Energy & Environment

Energy & Environment
8:46 am
Tue August 26, 2014

Lawmakers Hear Proposals for Confronting Man-Made Quakes

After a surge in earthquakes across Texas over the last several years, state regulators are considering their options.
Credit Oliver Berg DPA/LANDOV

From StateImpact Texas: 

After a surge in earthquakes across Texas over the last several years, state regulators are considering their options. On Monday, the House Subcommittee on Seismic Activity heard some of those options.

Many of the quakes are likely caused by wastewater disposal wells, where the liquid waste from oil and gas drilling is pumped back into the ground. The Railroad Commission of Texas is the agency that regulates the state’s oil and gas industry, and it is proposing new rules for those wells.

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Energy & Environment
2:57 pm
Thu August 21, 2014

Texas Buys Conservation Land with Oil Spill Money

An aerial view of fringe marshes around Powderhorn Lake.
Earl Nottingham / Texas Parks and Wildlife

A deal that was decades in the making has finally closed on the largest conservation land purchase in Texas history: Just over 17,000 acres of undisturbed coastal prairie in Calhoun County for $50 million.

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LCRA
8:25 am
Thu August 21, 2014

LCRA Delays Vote on Water Plan

Extreme drought and releases to farmers have lowered levels in Lakes Buchanan and Travis (pictured) in Central Texas. Now a state agency is saying more study is needed into how the reservoirs are managed.
Courtesy of LCRA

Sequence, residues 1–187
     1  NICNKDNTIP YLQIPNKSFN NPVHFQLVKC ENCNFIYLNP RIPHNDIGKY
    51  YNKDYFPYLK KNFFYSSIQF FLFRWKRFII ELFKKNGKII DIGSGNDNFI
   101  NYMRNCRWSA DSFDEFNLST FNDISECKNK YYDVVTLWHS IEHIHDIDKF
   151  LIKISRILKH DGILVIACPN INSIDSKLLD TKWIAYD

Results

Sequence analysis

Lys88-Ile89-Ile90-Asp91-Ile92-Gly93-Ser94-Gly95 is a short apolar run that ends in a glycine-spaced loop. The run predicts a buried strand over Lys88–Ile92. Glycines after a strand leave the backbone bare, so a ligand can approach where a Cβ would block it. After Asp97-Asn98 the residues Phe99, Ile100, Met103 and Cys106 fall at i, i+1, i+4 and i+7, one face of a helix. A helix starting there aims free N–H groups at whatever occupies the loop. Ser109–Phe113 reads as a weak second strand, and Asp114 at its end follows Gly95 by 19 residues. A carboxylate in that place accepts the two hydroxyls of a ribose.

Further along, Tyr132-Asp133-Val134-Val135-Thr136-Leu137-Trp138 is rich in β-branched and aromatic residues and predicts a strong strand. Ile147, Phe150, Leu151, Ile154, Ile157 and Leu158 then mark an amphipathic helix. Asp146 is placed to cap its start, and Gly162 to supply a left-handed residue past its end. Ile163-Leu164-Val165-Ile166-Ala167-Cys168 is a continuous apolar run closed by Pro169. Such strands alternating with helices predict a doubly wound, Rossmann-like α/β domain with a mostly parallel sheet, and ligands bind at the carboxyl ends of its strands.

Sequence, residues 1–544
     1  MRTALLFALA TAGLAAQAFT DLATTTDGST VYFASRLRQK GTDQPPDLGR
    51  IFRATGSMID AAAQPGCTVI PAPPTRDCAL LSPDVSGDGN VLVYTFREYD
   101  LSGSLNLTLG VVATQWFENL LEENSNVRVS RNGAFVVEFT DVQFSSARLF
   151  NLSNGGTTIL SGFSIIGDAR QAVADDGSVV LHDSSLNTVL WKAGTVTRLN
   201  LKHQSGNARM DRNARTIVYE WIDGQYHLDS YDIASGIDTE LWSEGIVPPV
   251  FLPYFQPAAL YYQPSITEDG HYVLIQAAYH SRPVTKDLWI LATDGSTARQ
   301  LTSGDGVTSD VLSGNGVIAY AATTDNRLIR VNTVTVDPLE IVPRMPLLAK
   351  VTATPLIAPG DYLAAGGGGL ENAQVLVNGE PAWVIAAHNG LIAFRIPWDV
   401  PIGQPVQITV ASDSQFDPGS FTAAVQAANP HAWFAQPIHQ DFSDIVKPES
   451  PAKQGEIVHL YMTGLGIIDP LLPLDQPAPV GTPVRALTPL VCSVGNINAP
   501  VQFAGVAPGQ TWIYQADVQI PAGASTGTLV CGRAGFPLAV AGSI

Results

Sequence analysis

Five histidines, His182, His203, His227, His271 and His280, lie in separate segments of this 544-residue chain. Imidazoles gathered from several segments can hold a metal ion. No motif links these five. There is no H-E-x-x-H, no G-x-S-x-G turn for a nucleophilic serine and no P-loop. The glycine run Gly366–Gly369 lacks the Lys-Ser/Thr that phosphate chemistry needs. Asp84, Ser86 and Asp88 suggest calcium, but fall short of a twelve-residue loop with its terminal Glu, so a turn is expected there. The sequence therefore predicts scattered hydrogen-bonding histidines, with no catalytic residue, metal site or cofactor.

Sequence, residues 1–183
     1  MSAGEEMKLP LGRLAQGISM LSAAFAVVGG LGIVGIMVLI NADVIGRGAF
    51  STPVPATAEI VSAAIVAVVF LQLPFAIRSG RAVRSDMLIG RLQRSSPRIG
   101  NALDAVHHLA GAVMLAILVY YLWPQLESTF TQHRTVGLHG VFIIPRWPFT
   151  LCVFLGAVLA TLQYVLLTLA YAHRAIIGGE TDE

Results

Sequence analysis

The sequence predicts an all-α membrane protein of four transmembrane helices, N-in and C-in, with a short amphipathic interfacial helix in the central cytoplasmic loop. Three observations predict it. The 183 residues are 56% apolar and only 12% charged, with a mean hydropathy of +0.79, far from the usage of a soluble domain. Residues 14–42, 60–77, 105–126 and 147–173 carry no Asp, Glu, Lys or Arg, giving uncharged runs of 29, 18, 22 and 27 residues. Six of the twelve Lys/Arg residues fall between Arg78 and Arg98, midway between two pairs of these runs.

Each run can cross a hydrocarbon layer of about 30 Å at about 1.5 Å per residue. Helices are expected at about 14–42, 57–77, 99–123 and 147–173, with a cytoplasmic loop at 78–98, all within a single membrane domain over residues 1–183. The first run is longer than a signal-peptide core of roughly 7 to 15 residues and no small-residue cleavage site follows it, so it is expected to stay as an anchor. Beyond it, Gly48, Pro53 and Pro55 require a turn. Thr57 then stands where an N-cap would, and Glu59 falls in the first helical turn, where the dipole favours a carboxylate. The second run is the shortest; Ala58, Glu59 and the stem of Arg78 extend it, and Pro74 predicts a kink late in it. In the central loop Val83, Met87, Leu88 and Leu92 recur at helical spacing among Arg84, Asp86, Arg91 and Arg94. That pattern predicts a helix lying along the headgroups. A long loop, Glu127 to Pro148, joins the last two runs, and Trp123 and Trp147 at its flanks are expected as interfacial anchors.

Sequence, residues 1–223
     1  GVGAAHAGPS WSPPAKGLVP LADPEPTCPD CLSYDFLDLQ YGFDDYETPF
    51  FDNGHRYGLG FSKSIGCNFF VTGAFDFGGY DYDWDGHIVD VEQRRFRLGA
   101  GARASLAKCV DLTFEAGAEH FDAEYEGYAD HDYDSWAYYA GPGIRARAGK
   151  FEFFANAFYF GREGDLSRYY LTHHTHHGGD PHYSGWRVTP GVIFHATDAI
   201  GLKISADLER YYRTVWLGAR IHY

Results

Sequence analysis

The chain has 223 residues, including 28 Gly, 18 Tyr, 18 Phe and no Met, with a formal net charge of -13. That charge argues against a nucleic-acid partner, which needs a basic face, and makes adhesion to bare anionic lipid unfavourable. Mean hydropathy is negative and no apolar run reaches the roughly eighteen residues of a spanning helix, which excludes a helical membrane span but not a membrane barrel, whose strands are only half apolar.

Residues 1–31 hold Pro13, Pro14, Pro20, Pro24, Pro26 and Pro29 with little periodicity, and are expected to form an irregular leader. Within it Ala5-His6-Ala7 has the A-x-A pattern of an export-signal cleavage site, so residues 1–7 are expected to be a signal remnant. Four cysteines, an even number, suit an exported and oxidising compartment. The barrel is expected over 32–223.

Water from the Highland Lakes is important to everyone in Central Texas — from urban Austinites to rural rice farmers downstream. Wednesday, the board of the Lower Colorado River Authority was set to vote on a much-delayed plan to manage that water, but the authority's board postponed that vote to gather more public input. 

The proposed plan, which would ensure that more water stays in the lakes in times of drought, is widely supported by upstream stakeholders, namely the City of Austin.  But it’s unpopular downstream with agricultural interests that would likely see themselves cut off from water more often. The plan must ultimately be approved by the Texas Commission on Environmental Quality

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Energy & Environment
5:06 am
Thu August 14, 2014

This is an Ozone Action Day

First declaration for the 2014 ozone season
Jeff Heimsath for KUT News

For the first time since September, state officials have declared today an Ozone Action Day in the Austin-area. The declaration means weather conditions are expected to be conducive to lower-than-normal air quality.

The Air Quality Index is forecast to bad enough to affect sensitive groups, such as those with asthma or heart disease, elderly people and children. The general public should be okay. 

The U.S. Environmental Protection Agency sets a minimum standard for ozone of 75 parts per billion. 

“Our standard last year, we ended the 2013 ozone season at 73 parts per billion, so we’re actually okay, for now, but EPA expects to announce a new ozone standard in December of this year,”  Clean Air Force of Central Texas director Sarah Holland says.

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Energy & Environment
10:16 am
Tue August 12, 2014

During Drought, a Once-Mighty Texas Rice Belt Fades Away

In the floodplain, several inches of fine silty mud sit atop thick, heavy clay. The clay is the finest dust eroded by the river, carried until this point then deposited as the river spreads out across the prairie. The silt is a thick rich mixture of sediment.